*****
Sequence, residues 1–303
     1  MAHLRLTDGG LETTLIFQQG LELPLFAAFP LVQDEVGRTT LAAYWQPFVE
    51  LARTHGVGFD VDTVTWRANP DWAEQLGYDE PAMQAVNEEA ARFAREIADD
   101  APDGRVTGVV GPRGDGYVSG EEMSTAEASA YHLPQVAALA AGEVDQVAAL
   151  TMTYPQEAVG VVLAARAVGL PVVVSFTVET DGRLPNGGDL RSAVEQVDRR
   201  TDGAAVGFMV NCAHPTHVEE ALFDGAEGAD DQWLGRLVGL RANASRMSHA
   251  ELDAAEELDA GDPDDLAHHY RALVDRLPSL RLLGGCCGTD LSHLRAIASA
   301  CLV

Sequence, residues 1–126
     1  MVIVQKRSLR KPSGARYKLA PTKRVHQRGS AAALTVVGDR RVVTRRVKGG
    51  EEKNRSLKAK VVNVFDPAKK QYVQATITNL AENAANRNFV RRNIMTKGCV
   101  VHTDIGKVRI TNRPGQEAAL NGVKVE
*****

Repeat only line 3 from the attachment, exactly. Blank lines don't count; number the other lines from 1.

    51  LARTHGVGFD VDTVTWRANP DWAEQLGYDE PAMQAVNEEA ARFAREIADD